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2013: Paychecks Will Be a Little Lighter

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The American Taxpayer Relief Act of 2012 was signed into law by President Obama on January 2, 2013. While the Act avoided hitting many self-employed Americans with higher income tax rates (individuals making less than $400,000 and couples making less than $450,000 will see their income tax rates remain the same), those with income exceeding those levels will see their tax liability increase to a rate of 39.6 percent. In addition all Americans will see their paychecks a little lighter in 2013 due to expiring tax holidays and two new health reform law-related taxes. 

While addressing the individual rate captured most of the attention, Congress did address other expiring tax issues in its last-minute deal. Two of interest to the self-employed are the Alternative Minimum Tax (AMT) and the Estate Tax. In a bold move, Congress approved a permanent fix to the AMT, a tax mechanism that when created was not indexed to inflation. This meant that every few years, Congress would have to approve a “patch” to increase the tax threshold so that middle-income earners were not taxed at a higher rate. With respect to the Estate Tax, Congress made permanent the $5 million exemption level, indexed to inflation, while also allowing a $5 million lifetime gift to children and grandchildren.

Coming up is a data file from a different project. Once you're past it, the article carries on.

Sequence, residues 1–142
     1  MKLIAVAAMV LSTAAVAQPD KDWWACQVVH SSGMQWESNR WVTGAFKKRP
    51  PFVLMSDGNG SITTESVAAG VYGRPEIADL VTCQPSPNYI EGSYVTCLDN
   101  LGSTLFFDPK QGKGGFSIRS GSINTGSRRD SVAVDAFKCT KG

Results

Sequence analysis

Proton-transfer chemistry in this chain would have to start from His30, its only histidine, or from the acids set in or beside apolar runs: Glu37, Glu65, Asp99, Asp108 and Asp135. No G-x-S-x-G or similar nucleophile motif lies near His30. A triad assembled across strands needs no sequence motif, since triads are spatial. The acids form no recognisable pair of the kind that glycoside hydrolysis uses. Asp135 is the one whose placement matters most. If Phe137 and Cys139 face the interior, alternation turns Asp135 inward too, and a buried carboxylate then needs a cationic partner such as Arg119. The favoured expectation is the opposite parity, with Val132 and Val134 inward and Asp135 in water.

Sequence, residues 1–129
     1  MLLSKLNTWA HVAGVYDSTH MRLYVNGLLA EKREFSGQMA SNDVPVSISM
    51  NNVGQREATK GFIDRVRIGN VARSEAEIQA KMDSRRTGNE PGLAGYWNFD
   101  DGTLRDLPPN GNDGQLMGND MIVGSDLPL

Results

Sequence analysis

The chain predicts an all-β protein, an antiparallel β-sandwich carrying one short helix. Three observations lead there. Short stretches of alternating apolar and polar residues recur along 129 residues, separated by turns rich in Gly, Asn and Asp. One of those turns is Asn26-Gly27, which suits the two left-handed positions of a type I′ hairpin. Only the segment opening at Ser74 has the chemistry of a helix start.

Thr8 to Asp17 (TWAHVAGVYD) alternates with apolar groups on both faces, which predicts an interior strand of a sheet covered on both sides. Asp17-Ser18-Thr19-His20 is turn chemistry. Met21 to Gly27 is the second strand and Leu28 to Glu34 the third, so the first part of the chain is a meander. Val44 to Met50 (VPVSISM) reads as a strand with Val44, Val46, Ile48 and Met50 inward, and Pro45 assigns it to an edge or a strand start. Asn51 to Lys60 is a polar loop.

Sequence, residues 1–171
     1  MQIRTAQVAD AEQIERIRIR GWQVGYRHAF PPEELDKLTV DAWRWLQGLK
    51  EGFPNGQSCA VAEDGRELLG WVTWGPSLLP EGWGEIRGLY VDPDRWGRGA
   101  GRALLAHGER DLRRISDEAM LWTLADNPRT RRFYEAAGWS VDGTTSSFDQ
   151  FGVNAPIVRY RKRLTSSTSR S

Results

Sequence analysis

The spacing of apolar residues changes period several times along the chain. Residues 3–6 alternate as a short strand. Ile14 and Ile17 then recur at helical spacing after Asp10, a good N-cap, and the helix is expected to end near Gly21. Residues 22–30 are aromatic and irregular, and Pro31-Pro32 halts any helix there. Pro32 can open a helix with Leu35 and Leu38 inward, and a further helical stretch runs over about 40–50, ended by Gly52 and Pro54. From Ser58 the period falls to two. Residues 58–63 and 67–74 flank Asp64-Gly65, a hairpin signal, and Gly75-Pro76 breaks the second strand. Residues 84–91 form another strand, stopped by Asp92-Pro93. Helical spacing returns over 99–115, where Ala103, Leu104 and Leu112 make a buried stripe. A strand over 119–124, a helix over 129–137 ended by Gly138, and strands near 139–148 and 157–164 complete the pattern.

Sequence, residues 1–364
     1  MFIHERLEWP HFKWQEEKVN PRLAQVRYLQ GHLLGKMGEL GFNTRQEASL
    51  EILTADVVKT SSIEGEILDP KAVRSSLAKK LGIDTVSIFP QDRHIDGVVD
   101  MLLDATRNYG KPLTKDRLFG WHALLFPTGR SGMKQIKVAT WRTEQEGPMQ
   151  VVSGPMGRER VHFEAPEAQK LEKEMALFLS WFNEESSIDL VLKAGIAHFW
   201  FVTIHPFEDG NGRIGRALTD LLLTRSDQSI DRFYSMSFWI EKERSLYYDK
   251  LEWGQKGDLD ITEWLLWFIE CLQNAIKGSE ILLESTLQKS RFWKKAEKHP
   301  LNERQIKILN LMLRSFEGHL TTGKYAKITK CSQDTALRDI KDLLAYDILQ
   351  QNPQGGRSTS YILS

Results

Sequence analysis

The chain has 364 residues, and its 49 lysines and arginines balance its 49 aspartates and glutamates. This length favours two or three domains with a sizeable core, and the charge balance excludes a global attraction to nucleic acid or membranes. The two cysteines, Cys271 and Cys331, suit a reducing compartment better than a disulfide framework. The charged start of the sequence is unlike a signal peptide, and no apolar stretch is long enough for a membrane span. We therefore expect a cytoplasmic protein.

However, with all of the talk about ensuring that the middle class and America’s small businesses were not hit with an increase in their tax liability, this is simply not the case. All Americans will see their tax liability increase in 2013 due to expiration of the payroll tax holiday (i.e. the Social Security tax), the increase of the hospital insurance tax (pulled from the payroll tax deduction), and the new unearned income Medicare contribution tax established under health care reform law. 

No doubt the situation could have been much worse if Congress had not acted. Yet, for many of the self-employed working hard each and every day, the addition of new taxes will undoubtedly cause a few headaches during the first quarter of 2013.

Kristie L. Arslan
is president and CEO of the NASE and provides critical insight to policymakers on issues affecting our nation’s self-employed. You can contact her at

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